For the last version of the EDDI Compiler, it has been necessary to extend the dynamic memory allocator, to support free memory. In this post, we will see how to write a simple Memory Manager in Intel Assembly for Linux.
In the past, we’ve seen how to write a basic memory allocator, this time, we will write a more complete version.
The implementation is made in 64bits Intel Assembly.
Memory Manager specification
The memory will be allocated by blocks. Each block will contain a header with two information:
- A boolean flag indicating if the block is free or not
- The size of the block (including the header)
Each time some memory is asked, the blocks are tested one by one until an available one is found. If no available block is found, a new block is allocated after the last one and this block is returned.
The memory manager consists of three functions:
- memory_init: Init the memory manager
- memory_alloc: Allocate the given number of bytes of memory
- memory_free: Release the given block
The parameter is passed in the r14 register. The return value is returned in the rax register.
This implementation needs two global variables. One for the start address of memory and the other one for the last:
section .data mem_last dq 0 mem_start dq 0
Init memory Manager
The init function is very simple to implement:
init: push rbp mov rbp, rsp mov rax, 12 xor rdi, rdi syscall mov [mem_start], rax mov [mem_last], rax leave ret
We just have to call sys_brk in order to get the location of program break. Then, the start and the last addresses are the same.
The free function is the simplest one:
free: push rbp mov rbp, rsp mov qword [r14 - 16], 1 leave ret
The address to free is passed in the r14 register. We have to go back 16 bytes (size of the control block) to go to the start of the block. The availability flag is set to 1 (the block is free).
The alloc function
The alloc function is the most complex:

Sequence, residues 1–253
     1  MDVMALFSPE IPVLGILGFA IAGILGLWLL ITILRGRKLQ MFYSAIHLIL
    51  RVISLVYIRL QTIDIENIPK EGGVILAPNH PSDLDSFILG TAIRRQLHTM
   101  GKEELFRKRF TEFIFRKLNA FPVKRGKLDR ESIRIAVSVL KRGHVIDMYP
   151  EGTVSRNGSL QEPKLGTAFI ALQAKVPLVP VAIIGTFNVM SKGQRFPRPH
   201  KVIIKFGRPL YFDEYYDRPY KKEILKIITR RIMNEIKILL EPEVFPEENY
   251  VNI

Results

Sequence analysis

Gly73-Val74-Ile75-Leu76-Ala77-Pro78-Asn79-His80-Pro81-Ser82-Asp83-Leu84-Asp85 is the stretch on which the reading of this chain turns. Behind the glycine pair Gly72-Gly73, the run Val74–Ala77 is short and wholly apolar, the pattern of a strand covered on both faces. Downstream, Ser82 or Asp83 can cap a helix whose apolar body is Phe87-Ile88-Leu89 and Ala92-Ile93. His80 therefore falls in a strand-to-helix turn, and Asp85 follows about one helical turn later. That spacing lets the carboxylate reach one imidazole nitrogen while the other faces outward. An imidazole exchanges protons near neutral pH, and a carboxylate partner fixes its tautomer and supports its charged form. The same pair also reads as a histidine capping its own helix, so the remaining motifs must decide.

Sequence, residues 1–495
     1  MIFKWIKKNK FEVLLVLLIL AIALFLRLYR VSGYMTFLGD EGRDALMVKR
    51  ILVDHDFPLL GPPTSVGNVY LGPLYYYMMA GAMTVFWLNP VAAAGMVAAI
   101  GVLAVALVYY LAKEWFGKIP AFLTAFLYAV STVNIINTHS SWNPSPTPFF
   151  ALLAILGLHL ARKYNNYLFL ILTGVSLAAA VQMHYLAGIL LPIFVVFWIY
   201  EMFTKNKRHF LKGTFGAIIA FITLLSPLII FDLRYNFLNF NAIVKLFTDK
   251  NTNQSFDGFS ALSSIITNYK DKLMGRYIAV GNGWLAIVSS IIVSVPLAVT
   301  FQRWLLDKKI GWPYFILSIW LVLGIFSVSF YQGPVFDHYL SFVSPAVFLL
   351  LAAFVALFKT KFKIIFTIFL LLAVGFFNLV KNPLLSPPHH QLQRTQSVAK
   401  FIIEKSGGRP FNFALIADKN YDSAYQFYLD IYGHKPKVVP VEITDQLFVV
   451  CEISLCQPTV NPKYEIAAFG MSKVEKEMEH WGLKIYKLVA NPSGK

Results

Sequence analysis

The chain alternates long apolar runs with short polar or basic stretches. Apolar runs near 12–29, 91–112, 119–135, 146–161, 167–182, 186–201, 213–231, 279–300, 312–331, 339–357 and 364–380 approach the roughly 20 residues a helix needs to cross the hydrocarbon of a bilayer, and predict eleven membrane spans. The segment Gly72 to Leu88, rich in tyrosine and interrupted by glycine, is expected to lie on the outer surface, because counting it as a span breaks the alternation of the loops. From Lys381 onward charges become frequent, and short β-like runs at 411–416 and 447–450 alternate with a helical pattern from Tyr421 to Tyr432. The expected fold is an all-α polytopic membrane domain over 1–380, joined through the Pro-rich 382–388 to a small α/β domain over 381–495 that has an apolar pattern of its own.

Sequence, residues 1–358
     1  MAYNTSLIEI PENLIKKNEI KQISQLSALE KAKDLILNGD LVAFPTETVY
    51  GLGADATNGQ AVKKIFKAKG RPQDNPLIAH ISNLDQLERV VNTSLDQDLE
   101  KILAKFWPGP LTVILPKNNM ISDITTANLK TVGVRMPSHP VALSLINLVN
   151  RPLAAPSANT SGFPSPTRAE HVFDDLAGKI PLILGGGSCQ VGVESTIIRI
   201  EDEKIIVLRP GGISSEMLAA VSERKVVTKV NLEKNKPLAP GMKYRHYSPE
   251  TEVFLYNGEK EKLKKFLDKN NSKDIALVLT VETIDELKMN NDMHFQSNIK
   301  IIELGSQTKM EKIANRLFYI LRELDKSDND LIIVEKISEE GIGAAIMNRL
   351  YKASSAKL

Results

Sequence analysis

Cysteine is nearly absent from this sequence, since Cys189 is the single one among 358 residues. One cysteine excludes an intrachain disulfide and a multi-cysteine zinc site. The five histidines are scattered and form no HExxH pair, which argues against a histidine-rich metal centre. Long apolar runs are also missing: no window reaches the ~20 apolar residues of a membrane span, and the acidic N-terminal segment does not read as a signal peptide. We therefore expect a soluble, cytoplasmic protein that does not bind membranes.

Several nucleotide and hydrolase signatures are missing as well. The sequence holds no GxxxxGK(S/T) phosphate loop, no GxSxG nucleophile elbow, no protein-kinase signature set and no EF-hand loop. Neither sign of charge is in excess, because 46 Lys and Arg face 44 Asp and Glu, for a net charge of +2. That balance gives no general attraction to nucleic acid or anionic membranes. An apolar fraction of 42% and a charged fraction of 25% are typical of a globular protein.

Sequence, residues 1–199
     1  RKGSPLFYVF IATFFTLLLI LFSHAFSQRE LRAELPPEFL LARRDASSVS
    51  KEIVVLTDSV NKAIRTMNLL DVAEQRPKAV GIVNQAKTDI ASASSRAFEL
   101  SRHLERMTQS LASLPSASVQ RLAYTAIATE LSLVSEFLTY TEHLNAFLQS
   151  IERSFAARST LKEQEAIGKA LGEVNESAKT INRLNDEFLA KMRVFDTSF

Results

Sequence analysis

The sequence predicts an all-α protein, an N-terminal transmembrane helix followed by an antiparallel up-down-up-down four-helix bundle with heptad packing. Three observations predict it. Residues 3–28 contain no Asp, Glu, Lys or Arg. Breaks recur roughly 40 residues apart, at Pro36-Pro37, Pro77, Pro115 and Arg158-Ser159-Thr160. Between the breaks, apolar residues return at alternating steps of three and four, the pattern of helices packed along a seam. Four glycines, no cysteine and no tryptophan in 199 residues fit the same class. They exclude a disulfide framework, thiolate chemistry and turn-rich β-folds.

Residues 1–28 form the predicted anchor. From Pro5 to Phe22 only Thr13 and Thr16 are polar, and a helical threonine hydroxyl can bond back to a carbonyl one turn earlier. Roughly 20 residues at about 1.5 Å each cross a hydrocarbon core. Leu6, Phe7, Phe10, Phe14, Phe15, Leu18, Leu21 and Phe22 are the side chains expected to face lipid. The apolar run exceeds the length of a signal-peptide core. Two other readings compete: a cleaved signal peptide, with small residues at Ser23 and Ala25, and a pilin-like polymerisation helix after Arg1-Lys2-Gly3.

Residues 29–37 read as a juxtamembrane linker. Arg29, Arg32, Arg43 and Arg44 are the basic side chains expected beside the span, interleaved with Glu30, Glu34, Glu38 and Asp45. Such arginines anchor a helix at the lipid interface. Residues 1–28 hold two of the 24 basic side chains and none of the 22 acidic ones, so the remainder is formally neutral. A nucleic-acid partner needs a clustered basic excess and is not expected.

alloc: push rbp mov rbp, rsp push rdi push r10 push r11 push r12 push r13 push r14 add r14, 16 mov r12, [mem_start] mov r13, [mem_last] .start: cmp r12, r13 je .alloc mov r10, [r12] mov r11, [r12 + 8] cmp r10, 1 jne .move cmp r11, r14 jl .move mov qword [r12], 0 lea rax, [r12 + 16] pop r14 pop r13 pop r12 pop r11 pop r10 pop rdi leave ret .move: add r12, r11 jmp .start .alloc: lea rdi, [r12 + r14] mov rax, 12 syscall mov [mem_last], rdi mov qword [r12], 0 mov qword [r12 + 8], r14 lea rax, [r12 + 16] pop r14 pop r13 pop r12 pop r11 pop r10 pop rdi leave ret
As the function is a bit complex, I will detail it in part:
add r14, 16 mov r12, [mem_start] mov r13, [mem_last] .start: cmp r12, r13 je .alloc mov r10, [r12] mov r11, [r12 + 8] cmp r10, 1 jne .move cmp r11, r14 jl .move mov qword [r12], 0 lea rax, [r12 + 16]
The necessary number of bytes is passed in the r14 register. We add 16 bytes (size of the control group) to the size as we also need some place for the header. Then, we load the start and last addresses. If both addresses are equal, we need to allocate more memory (detailed later). Then, we check the size and the availability of the current block. If the size is enough to fit the needs and the block is available, we set it to unavailable. We return the address past the control block (16 bytes).
.move: add r12, r11 jmp .start
To move to the next block, we just have to add the size of the current block to the current block address.
.alloc: lea rdi, [r12 + r14] mov rax, 12 syscall mov [V_mem_last], rdi mov qword [r12], 0 mov qword [r12 + 8], r14 lea rax, [r12 + 16]
To allocate memory, we compute the new program break and call sys_brk again to set the new program break. The block is then set to not available and the size is set. We return the address past the control block (16 bytes).
The rest of the program is just here to save and restore the registers and compute the stack frames.
In this article, we saw how to implement a very simple memory manager in 64bits Intel Assembly on Linux. This memory manager is very simple, but has several drawbacks:
- The overhead for small blocks is important. For example, allocating an 8 bytes integer needs a 24 bytes block, thrice the size of the int.
- In the worst-case scenario, all of the process memory need to be walked across to find a new free block
- The functions are not thread-safe
- This algorithm can lead to a lot of memory fragmentation
In the future I will try to make a more powerful version of this memory manager.
All the functions are available online on the Github Repository:
They are also available in 32bits Intel Assembly: